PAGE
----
Printing more money doesn’t increase economic output. It only increases the amount of cash circulating in the economy. If more money is printed, consumers are able to demand more goods. But if firms have still the same amount of goods, they will respond by putting up prices. In a simplified model, printing money will just cause inflation.
What is Inflation?
Why is inflation such a problem?
Fall in value of savings. If people have cash savings, then inflation will erode the value of your savings. €1 million marks in 1921 was a lot. But, due to inflation, two years later, your savings would have become worthless. High inflation can also reduce the incentive to save.
Menu costs. If inflation is very high, then it becomes harder to make transactions. Prices frequently change. Firms have to spend more on changing price lists. In the hyperinflation of Germany, prices rose so rapidly; people used to get paid twice a day. If you didn’t buy bread straight away, it would become too expensive, and this is destabilising for the economy.
Uncertainty and confusion. High inflation creates uncertainty. Periods of high inflation discourage firms from investing and can lead to lower economic growth.
Printing EU money
Why can’t we just print money to pay off EU public debt?
EU Member States borrow by selling government bonds to the private sector. Bonds are a form of saving. People buy government because they assume a government bond is a safe investment. However, this assumes that inflation will remain low.
Eurozone in Corona Crisis
The Eurozone will be troubled by stagnating growth in times of Corona crisis. Eurozone still has to fix problems of high national debt. In order to evade another economic earthquake similar to or even bigger than the Greek crisis and to reinstate the trust in the Euro, the European Central Bank (ECB) may take extraordinary measures to boost growth. ECB may launch the Quantitative Easing (QE) programme instead of printing Euros.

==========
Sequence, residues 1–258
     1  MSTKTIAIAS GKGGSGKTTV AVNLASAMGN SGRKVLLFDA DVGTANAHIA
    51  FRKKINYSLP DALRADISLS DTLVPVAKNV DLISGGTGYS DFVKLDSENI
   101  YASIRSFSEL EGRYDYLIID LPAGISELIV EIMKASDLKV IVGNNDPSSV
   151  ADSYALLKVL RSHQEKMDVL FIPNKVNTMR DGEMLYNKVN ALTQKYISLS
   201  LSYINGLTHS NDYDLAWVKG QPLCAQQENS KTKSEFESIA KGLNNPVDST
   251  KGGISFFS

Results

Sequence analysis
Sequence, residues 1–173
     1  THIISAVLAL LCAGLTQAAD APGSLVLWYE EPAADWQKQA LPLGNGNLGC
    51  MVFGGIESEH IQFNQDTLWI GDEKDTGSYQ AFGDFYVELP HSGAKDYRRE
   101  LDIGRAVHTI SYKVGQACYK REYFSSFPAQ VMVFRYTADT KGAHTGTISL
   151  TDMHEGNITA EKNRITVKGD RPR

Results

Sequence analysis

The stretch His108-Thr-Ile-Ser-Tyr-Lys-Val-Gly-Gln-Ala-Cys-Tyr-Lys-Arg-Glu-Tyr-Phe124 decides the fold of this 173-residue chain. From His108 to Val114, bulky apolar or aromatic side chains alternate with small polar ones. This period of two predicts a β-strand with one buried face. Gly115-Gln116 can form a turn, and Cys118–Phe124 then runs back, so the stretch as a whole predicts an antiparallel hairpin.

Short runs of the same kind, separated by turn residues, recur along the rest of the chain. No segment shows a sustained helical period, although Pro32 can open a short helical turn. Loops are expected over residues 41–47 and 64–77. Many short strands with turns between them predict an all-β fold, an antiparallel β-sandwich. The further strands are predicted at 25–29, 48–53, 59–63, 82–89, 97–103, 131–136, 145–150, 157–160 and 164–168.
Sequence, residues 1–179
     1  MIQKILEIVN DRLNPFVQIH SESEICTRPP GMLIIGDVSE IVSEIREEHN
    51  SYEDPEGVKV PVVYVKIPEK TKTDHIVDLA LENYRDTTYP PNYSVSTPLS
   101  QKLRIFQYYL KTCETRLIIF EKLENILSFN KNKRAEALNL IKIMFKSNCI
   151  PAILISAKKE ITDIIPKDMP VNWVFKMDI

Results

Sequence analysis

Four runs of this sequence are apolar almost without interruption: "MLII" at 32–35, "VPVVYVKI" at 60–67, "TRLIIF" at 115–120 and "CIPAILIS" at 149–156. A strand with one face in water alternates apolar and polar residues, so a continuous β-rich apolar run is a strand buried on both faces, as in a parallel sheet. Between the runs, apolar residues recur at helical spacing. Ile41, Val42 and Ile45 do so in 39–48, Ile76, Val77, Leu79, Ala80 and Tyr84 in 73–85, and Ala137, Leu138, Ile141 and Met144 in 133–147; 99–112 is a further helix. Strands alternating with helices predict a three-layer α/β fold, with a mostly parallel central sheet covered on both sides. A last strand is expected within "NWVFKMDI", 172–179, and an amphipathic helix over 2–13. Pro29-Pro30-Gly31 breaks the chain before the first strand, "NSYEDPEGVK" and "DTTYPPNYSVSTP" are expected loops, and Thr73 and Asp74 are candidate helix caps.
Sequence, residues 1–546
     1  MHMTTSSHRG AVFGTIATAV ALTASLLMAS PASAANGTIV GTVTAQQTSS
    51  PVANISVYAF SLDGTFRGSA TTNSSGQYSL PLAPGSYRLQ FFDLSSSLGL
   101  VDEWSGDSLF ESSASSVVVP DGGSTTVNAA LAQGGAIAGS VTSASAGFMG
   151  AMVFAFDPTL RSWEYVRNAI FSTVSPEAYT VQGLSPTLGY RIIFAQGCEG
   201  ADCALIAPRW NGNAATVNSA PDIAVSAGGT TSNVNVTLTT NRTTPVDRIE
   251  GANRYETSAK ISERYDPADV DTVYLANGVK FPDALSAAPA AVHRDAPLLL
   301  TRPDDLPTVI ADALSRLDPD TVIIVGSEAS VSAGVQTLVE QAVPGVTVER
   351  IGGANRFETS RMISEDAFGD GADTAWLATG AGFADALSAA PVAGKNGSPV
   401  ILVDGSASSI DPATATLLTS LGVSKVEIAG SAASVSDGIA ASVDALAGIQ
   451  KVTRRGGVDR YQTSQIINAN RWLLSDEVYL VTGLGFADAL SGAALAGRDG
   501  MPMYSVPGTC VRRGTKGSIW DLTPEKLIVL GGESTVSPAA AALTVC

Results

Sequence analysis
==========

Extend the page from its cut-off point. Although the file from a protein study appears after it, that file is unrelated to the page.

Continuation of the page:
What is Quantitative Easing (QE)?
Quantitative Easing is a monetary policy used in extreme circumstances. ECB may bring out the big guns if the regular policies of the central banks become ineffective. In short, the ECB is printing money and sending it to the banks, hoping that they’re going to start offering cheap loans to the citizens and companies, thus kick-starting the economy.
The downside? It increases inflation. But that’s actually the goal of ECB’s Quantitative Easing – to raise the annual inflation within the Eurozone from 0.2% to 2%, because having deflation causes the economy to contract, which might lead to even bigger problems.
How quantitative easing worked in real Economy
The ECB started buying assets from commercial banks in March 2015 as part of its non-standard monetary policy measures. These asset purchases, also known as quantitative easing or QE, support economic growth across the euro area and help us return to inflation levels below, but close to, 2%.
- The European Central Bank buys bonds from banks.
- This increases the price of these bonds and creates money in the banking system.
- As a consequence, a wide range of interest rates fall and loans become cheaper.
- Businesses and people are able to borrow more and spend less to repay their debts.
- As a result, consumption and investment receive a boost.
- Higher consumption and more investment support economic growth and job creation.
- As prices rise, the ECB achieves an inflation rate below, but close to, 2% over the medium term.
This way this works is that each country has national debt, also known as government bonds, in the financial markets. Bonds are a financial asset and they can be bought and sold, just like shares of a company. So when a financial organisation (usually a bank or a fund) or private figure buys these bonds, the government will owe them money and must pay interest rates and one day repay back these debts.
ECB response to the coronavirus pandemic
ECB has announced the €750 billion Pandemic Emergency Purchase Programme (PEPP). This Emergency Programme aims to lower borrowing costs and increase lending in the euro area. This in turn should help citizens, firms and governments get access to funds they may need to weather the crisis. This programme complements the asset purchase programmes we have had in place since 2014.
European Central Bank buy several different kinds of assets in this programme. For example, when ECB buys bonds directly from banks, makes more funds available that they can lend to households or businesses. ECB can also buy companies’ bonds, giving them an additional source of credit. Both kinds of purchases help boost spending and investment, with the aim of supporting economic growth.
ECB can’t actually print more Euros for Corona Crisis but it may bring out the big EU guns. This means low-cost money for EU Member States and private sector.